Why There is A Strangle Hold on the Global Economy?


As we move into the fifth year of this most recent global economic crisis, much has been written about the criminality of the banking community, sovereign debt, and the impacts of austerity measures, but that is just part of the story.  To really understand the “whole of it” you also have to look at food prices, the escalating health care system delivery costs, and finally and most disturbing the cost of higher education.  All of these sectors have been usurped by a “corporate’ for profit mindset and are totally out of control.

Since the collapse of 2008, speculators have moved into the commodities sector and food prices have escalated out of control, essentially because there is NO control. The prices of all key staples increased, except for rice.Maize prices increased by 9%, soybean oil by 7%, wheat (U.S. HRW) by 6%, and sugar (world) by 5% just this last year. These price variations were the largest increases observed since June and July of 2011. The price of rice (Thai, 5%) declined in the same period by 6%, adding to the price decline of 2% observed in the fourth quarter of 2011. Both abundant supply and strong competition among exporters have caused the international price of rice to decline.  Although food production outlooks remain strong for 2012/13, there is a global food crisis. Why? Profiteers plain and simple.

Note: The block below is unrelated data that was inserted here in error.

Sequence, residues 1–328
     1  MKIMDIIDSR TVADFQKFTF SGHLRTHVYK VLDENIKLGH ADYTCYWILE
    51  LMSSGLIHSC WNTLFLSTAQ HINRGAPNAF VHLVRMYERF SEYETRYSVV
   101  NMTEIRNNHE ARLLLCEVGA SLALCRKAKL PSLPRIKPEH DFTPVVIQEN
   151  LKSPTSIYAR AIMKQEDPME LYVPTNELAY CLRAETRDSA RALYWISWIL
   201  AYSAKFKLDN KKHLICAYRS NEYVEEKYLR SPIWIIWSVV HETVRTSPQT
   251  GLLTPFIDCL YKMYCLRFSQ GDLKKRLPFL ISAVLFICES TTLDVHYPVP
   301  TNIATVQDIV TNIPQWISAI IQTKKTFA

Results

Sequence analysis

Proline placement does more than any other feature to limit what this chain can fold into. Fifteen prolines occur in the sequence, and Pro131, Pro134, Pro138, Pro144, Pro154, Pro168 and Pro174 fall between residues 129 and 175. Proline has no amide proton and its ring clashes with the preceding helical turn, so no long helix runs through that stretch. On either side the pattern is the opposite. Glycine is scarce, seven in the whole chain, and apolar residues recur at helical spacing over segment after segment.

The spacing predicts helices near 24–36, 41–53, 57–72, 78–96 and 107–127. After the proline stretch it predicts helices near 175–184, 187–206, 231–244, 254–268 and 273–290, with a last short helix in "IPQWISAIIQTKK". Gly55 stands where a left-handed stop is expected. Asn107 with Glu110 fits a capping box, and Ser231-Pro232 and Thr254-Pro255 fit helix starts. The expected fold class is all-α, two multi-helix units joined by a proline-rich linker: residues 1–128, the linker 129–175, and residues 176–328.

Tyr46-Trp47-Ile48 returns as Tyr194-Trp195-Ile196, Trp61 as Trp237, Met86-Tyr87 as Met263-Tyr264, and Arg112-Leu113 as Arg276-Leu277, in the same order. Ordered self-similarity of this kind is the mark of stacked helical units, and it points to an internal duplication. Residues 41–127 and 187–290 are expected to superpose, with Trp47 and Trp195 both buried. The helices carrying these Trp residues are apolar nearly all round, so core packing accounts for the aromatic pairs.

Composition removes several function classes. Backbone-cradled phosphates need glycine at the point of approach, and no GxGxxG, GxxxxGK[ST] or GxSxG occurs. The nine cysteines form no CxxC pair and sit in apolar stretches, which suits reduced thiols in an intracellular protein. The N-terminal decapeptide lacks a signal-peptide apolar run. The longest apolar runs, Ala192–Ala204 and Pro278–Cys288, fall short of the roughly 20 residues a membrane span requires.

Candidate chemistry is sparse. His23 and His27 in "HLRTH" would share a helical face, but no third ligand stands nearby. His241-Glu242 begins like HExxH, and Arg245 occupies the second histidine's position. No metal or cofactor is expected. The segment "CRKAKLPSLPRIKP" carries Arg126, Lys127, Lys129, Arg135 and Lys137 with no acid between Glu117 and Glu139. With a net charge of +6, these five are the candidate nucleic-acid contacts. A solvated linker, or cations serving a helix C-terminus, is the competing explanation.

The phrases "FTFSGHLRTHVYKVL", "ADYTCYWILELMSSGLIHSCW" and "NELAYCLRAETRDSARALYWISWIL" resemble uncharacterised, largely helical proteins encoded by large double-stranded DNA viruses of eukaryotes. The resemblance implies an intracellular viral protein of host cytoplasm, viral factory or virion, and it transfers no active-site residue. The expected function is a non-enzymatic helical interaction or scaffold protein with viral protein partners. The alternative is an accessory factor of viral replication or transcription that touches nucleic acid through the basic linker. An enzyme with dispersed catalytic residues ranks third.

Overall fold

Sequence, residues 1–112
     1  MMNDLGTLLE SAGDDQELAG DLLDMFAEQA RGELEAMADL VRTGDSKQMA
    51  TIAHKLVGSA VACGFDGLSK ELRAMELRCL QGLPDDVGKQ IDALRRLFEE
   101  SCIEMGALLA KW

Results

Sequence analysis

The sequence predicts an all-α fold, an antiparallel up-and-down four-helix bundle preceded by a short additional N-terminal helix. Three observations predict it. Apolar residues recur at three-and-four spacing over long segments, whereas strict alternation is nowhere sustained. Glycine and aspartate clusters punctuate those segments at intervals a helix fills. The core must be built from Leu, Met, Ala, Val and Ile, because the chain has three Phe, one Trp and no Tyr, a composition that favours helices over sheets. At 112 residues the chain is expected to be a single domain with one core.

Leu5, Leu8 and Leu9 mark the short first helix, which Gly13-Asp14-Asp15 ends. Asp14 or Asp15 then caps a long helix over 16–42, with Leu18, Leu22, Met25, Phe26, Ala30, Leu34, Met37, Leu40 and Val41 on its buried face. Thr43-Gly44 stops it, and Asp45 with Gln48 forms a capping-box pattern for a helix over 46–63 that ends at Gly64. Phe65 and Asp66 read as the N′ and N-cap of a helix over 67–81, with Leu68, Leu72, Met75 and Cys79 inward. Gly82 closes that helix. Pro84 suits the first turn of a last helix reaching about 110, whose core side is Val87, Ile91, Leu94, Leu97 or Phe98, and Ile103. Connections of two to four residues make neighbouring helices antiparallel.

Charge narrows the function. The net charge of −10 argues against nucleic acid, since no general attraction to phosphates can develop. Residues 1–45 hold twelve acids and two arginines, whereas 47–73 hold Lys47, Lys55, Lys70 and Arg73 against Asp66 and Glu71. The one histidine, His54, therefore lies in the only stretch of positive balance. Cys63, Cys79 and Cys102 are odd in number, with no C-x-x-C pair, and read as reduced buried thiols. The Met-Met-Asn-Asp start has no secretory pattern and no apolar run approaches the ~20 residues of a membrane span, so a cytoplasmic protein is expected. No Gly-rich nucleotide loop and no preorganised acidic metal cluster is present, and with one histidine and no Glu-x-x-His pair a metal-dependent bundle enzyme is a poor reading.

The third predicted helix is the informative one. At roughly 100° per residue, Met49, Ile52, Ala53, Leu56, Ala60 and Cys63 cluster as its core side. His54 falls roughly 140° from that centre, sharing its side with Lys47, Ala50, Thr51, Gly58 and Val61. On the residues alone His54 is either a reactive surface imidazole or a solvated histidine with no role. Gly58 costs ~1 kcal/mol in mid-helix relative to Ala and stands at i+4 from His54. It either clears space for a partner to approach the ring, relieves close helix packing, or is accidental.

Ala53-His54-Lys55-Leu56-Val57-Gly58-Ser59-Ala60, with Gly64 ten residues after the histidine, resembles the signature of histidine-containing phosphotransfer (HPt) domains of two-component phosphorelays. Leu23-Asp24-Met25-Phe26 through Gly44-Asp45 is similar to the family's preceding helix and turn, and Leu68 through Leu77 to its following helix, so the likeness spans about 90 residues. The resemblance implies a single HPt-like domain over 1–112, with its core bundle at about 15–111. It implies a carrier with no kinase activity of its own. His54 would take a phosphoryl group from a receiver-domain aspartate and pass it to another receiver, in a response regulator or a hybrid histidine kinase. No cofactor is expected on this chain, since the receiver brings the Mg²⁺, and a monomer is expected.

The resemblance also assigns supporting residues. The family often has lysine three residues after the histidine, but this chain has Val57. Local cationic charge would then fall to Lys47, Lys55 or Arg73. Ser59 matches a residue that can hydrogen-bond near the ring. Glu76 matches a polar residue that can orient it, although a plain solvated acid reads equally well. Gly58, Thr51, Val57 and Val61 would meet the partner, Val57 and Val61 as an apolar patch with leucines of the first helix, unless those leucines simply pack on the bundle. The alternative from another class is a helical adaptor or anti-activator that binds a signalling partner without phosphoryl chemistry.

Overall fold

Twenty years ago U.S. healthcare cost $2800, on average, per person. Ten years ago, that figure had risen to $4700 per person. And four years ago, in 2008, it was $7500 per person. The cost to cover the typical family of four under an employer plan is expected to top $20,000 on health care this year, up more than 7% from last year. These health care cost increases have increased the number of people dying because of a lack of access to health care and has resulted in a substantial increase in personal bankruptcies, especially among retired people. Not only is there no controls over these costs, the government has essentially prohibited competition by restricting large governmental providers from even negotiating more competitive costs.

But nowhere is the lack of control more apparent that in the cost of higher education. This month information was released regarding consumer credit growth.  Most of the headlines took this as positive economic news but digging deeper into the data we realize that the bulk of the growth came courtesy of exploding student debt.  Even with the encyclopedia amount of data showing how horribly run many for-profit colleges are run, the government continues to back these risky endeavors while saddling young Americans with unrelenting levels of debt.  It doesn’t take a rocket scientist to see the predatory nature of these operations just like it was easy to see subprime loans were going to end badly.  So why continue to allow this to go on?  Why is the system so adamant on continuing to pour layer upon layer of student debt syrup onto the younger segment of our nation that is already struggling in the employment market?